Update: Stratasys Rejects Nano Dimension’s Acquisition Offer
Stratasys Board reject offer, citing desire to remain independent
Rapid Prototyping and Manufacturing Services News
Rapid Prototyping and Manufacturing Services Resources
March 23, 2023
Nano Dimension's plan to acquire Stratasys has stalled. This week, Stratasys said its board has “unanimously rejected the unsolicited proposal.”
In an announcement, the company states, “Stratasys’ Board and management team are confident that the Company’s standalone plan will create significantly greater value for its shareholders than the Nano proposal. Stratasys recently delivered its sixth consecutive quarter of profitability on an adjusted basis despite a challenging economic environment, and the Company remains laser focused on executing its strategy and managing its operations to effectively deliver sustained, profitable growth.”
Responding to the Stratasys board's decision, Nano Dimension CEO Yoav Stern said, “We are disappointed in Stratasys’ refusal to engage with Nano Dimension regarding our compelling offer ... After constructive discussions with Stratasys’ CEO, we were surprised that the Stratasys Board was unwilling to engage in an open dialogue around a combination of our businesses. While we remain open to discussions, we are disciplined with regards to our growth strategy and will consider our options, relative to both Stratasys and alternative strategic acquisition targets currently under review.”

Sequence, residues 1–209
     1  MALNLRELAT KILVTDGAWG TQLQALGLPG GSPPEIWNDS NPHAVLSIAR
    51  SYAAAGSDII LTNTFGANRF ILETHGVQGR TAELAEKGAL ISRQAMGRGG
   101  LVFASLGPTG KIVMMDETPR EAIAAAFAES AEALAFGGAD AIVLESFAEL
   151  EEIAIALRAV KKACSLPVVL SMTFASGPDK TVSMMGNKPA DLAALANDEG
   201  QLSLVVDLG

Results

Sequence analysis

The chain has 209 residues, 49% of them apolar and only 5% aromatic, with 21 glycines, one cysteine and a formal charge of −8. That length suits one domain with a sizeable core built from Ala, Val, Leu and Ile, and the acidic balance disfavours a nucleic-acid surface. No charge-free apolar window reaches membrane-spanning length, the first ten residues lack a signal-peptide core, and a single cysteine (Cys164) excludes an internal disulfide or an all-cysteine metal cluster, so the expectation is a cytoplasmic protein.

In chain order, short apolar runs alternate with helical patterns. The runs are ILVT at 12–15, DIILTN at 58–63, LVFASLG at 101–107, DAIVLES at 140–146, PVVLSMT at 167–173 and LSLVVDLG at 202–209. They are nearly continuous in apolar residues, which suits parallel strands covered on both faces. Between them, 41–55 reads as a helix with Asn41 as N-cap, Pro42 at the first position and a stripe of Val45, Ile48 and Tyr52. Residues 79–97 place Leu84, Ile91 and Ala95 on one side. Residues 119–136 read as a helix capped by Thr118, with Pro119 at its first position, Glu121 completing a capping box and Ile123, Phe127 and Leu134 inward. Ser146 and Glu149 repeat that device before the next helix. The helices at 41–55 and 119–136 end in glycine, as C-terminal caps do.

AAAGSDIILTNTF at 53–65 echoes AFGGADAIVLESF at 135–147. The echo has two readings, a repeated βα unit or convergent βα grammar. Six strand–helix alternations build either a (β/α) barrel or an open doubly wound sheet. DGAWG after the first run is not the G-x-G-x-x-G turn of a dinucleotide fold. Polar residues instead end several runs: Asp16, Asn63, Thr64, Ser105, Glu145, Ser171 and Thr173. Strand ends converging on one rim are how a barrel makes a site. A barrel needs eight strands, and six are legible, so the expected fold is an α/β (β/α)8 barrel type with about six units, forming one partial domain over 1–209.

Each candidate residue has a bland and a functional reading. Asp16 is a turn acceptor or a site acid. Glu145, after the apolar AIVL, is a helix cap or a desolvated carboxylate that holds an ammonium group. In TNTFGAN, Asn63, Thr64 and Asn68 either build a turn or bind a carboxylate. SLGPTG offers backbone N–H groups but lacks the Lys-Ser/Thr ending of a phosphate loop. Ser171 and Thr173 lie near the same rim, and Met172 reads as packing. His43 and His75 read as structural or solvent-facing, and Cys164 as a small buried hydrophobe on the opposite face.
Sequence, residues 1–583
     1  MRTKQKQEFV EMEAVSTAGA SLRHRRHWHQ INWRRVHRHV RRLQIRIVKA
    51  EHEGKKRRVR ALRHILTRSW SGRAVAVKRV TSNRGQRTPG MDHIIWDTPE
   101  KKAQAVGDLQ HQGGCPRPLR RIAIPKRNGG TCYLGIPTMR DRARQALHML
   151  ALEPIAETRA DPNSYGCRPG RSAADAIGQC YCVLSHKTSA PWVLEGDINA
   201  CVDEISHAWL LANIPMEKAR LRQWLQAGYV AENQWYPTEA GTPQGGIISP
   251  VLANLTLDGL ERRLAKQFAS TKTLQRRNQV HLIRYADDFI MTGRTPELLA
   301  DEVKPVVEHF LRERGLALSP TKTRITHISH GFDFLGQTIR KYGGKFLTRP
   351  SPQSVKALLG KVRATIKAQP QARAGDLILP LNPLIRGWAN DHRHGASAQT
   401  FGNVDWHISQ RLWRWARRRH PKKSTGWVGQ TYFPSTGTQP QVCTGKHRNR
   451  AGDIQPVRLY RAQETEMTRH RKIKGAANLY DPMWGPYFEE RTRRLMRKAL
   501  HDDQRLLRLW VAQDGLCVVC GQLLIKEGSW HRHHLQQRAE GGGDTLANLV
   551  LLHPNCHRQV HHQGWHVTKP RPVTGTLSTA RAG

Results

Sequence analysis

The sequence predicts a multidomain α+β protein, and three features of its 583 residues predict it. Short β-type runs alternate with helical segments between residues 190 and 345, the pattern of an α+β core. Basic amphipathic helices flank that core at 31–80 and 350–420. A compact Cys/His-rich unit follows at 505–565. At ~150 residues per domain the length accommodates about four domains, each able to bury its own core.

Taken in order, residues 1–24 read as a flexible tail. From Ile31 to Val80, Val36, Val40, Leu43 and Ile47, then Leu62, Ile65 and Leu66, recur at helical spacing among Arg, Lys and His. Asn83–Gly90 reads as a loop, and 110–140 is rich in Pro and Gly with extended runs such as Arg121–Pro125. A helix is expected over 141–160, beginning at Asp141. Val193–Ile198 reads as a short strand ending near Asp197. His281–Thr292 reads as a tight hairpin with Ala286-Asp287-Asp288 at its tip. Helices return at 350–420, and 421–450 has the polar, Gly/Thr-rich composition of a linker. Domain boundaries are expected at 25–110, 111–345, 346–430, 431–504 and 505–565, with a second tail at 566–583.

Nano Dimension is reviewing its options relative to Stratasys and other strategic acquisition targets following rejection of its proposal to acquire Stratasys for $18.00 per share.$NNDM #additivemanufacturing #3Dprinting pic.twitter.com/hEDQbyChgX
— Nano Dimension (@3Dpcb) March 23, 2023
Nano Dimension, a 14.5% stakeholder of Stratasys, offered to acquire the remaining Stratasys shares at $18 per share. After the offer became public, Stern released a series of videos addressing the acquisition offer. The transaction, he argued, would be “the formation of a strategic investment in a market-leader.”
One key justification for the merger, he pointed out, was the possibility to combine Nano Dimension's technologies and Stratasys's polymer-focused business, covering a wider range of applications. “Their technology got older over time ... and they continued to buy companies with only polymer machines, Nowadays, in order to go into production, companies need AM with metal and ceremics ... We have ceremics, metal, and electronics machines. The combination of the two companies will be amazing, because we're going to bring in the growth engine,” he argued.
According to the Additive Manufacturing (AM) industry watcher Wohlers Associates, the industry grew “19.5% in 2021, up from 7.5% growth in 2020, which was impacted greatly by the pandemic.” Terry Wohlers, founder of Wohlers Associates, said, “If the [Nano Dimension-Stratasys] deal goes through, it could go down as one of the largest and most unexpected acquisitions in the AM industry.”
Stratasys, founded in 1989, and its rival 3D Systems, founded in 1986, are considered two AM powerhouses. If the acquisition had gone through, Wohlers said, “Nano Dimension would quickly rise close to the top” of market leaders.